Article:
What Daniel Silva’s Israeli-Themed Tales of Espionage Can Teach the West

Sept. 27 2021

In over twenty novels, the American author Daniel Silva has related the adventures of a dashing Mossad operative named Gabriel Allon. While these books are action-packed page-turners—and best sellers—they also offer something more than the typical thriller, argues Henry George:

Allon is . . . afflicted by history. He and his comrades bear the scars on their souls of their own sorrow, reflecting on an individual level the scars on the soul of the Jewish people. This is directly addressed in the early books—The Kill Artist, The English Assassin, The Confessor, and A Death in Vienna—all of which deal with aspects of the Shoah and attacks on Israel during the second intifada. . . . The clarity of Silva’s prose in its description of the horror allows it to sink into one’s bones. The book reminds the reader that this rupture in history is still with us in the survivors who remain, having done their best to piece together their shattered lives and spirits.

[An] attachment to family and faith is why even though the weight of the past presses down on Allon and his family, his team, and his people, it does not crush them. These novels are a restatement of the sanctity of the individual, and our capacity to act on the stage of world affairs and drive the chariot of history one way or another through our own efforts. Allon and his friends and comrades are far from powerless pawns in a deterministic universe devoid of agency. Nor are they simply victims who face the world with their manifest pain as their only calling card to membership of the human community.

Allon and his fellows are willing to kill and die for their country and its people. . . . In this way, Israel reminds those of us in the safe, prosperous, and senescent West what it means to be a nation in history. This arguably explains a good deal of the resentment many Europeans feel towards the Jewish state. Those they tried to kill not only survived, but are a living, national refutation of the supposed one-way march towards a comfortable end of history.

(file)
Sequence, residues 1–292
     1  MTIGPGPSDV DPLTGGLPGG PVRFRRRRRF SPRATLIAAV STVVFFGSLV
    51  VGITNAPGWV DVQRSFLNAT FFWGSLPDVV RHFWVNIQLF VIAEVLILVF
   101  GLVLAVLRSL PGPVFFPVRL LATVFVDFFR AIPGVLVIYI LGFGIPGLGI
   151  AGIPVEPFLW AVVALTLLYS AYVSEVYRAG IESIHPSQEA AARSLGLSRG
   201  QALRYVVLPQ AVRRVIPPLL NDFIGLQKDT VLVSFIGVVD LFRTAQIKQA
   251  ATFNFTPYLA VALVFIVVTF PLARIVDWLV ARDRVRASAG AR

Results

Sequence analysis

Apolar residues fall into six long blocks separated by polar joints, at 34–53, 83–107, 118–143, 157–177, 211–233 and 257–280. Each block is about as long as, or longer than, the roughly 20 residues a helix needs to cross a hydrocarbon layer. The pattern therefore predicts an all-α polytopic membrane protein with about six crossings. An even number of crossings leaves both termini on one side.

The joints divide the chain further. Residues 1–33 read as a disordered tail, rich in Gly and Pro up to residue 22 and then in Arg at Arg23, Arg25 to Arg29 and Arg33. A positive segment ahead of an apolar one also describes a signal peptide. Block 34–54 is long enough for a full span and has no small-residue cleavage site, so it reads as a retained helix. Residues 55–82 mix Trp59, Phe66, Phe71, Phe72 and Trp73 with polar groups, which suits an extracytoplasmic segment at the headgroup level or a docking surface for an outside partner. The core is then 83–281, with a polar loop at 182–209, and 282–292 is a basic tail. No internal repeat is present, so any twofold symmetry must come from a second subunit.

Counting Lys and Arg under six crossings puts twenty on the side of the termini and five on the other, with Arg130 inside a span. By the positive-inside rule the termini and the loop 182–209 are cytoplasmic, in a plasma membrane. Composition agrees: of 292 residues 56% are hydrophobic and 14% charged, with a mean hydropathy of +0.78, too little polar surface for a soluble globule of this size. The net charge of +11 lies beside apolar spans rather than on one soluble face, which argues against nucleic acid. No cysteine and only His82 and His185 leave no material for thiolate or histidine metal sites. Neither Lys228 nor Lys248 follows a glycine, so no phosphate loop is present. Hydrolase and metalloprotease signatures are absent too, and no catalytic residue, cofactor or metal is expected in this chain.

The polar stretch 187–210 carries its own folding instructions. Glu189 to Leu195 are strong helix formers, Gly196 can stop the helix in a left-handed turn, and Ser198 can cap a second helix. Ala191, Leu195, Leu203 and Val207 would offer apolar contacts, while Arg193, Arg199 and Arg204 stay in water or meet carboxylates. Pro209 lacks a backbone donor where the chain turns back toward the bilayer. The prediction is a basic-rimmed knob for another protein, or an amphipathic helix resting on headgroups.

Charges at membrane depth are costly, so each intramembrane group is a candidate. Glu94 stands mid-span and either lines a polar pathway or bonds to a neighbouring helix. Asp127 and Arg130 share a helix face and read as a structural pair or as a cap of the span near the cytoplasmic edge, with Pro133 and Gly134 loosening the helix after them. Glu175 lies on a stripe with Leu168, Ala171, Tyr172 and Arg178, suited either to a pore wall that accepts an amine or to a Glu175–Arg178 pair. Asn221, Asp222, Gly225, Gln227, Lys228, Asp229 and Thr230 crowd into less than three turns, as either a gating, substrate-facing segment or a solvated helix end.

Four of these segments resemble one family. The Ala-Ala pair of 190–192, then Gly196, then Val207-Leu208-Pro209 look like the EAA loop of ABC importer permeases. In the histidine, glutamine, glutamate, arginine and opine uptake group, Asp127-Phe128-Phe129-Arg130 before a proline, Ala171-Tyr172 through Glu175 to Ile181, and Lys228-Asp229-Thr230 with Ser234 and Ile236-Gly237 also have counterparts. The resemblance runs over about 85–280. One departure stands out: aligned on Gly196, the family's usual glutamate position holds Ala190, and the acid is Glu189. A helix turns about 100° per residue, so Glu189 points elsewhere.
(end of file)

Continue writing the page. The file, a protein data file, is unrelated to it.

Read more at University Bookman

More about: Fiction, Israel & Zionism, Mossad


Iran’s Four-Decade Strategy to Envelope Israel in Terror

Yesterday, the head of the Shin Bet—Israel’s internal security service—was in Washington meeting with officials from the State Department, CIA, and the White House itself. Among the topics no doubt discussed are rising tensions with Iran and the possibility that the latter, in order to defend its nuclear program, will instruct its network of proxies in Gaza, the West Bank, Lebanon, Syria, and even Iraq and Yemen to attack the Jewish state. Oved Lobel explores the history of this network, which, he argues, predates Iran’s Islamic Revolution—when Shiite radicals in Lebanon coordinated with Ayatollah Ruhollah Khomeini’s movement in Iran:

An inextricably linked Iran-Syria-Palestinian axis has actually been in existence since the early 1970s, with Lebanon the geographical fulcrum of the relationship and Damascus serving as the primary operational headquarters. Lebanon, from the 1980s until 2005, was under the direct military control of Syria, which itself slowly transformed from an ally to a client of Iran’s Islamic Revolutionary Guard Corps (IRGC) following the collapse of the Soviet Union. The nexus among Damascus, Beirut, and the Palestinian territories should therefore always have been viewed as one front, both geographically and operationally. It’s clear that the multifront-war strategy was already in operation during the first intifada years, from 1987 to 1993.

[An] Iranian-organized conference in 1991, the first of many, . . . established the “Damascus 10”—an alliance of ten Palestinian factions that rejected any peace process with Israel. According to the former Hamas spokesperson and senior official Ibrahim Ghosheh, he spoke to then-Hizballah Secretary-General Abbas al-Musawi at the conference and coordinated Hizballah attacks from Lebanon in support of the intifada. Further important meetings between Hamas and the Iranian regime were held in 1999 and 2000, while the IRGC constantly met with its agents in Damascus to encourage coordinated attacks on Israel.

For some reason, Hizballah’s guerilla war against Israel in Lebanon in the 1980s and 1990s was, and often still is, viewed as a separate phenomenon from the first intifada, when they were in fact two fronts in the same battle.

Israel opted for a perilous unconditional withdrawal from Lebanon in May 2000, which Hamas’s Ghosheh asserts was a “direct factor” in precipitating the start of the second intifada later that same year.

Read more at Australia/Israel Review

More about: First intifada, Hizballah, Iran, Palestinian terror, Second Intifada